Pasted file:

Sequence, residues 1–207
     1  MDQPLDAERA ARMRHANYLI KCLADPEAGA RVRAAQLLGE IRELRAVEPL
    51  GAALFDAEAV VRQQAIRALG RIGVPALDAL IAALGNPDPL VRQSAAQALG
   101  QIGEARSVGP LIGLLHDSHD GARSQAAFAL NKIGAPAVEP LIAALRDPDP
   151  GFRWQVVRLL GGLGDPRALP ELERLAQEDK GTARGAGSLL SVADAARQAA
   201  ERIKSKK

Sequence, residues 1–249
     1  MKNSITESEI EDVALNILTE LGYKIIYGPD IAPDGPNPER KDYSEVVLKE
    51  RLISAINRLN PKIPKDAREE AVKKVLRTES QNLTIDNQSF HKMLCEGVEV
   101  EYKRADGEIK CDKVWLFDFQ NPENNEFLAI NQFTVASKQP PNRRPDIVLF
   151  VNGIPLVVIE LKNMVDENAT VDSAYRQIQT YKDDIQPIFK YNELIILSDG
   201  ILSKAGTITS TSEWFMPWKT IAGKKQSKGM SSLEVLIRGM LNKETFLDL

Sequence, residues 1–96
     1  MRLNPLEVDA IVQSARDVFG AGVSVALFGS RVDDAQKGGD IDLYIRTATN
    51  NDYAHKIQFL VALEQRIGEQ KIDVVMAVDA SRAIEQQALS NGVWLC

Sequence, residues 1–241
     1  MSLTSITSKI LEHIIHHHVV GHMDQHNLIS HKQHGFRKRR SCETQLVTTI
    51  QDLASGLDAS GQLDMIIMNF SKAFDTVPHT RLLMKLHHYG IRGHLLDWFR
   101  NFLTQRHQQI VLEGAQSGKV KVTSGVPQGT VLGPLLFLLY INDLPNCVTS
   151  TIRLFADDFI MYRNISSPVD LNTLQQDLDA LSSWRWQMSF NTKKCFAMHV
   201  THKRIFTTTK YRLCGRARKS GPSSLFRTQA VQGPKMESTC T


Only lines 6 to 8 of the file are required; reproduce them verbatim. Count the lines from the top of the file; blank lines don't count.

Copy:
   201  ERIKSKK

Sequence, residues 1–249
     1  MKNSITESEI EDVALNILTE LGYKIIYGPD IAPDGPNPER KDYSEVVLKE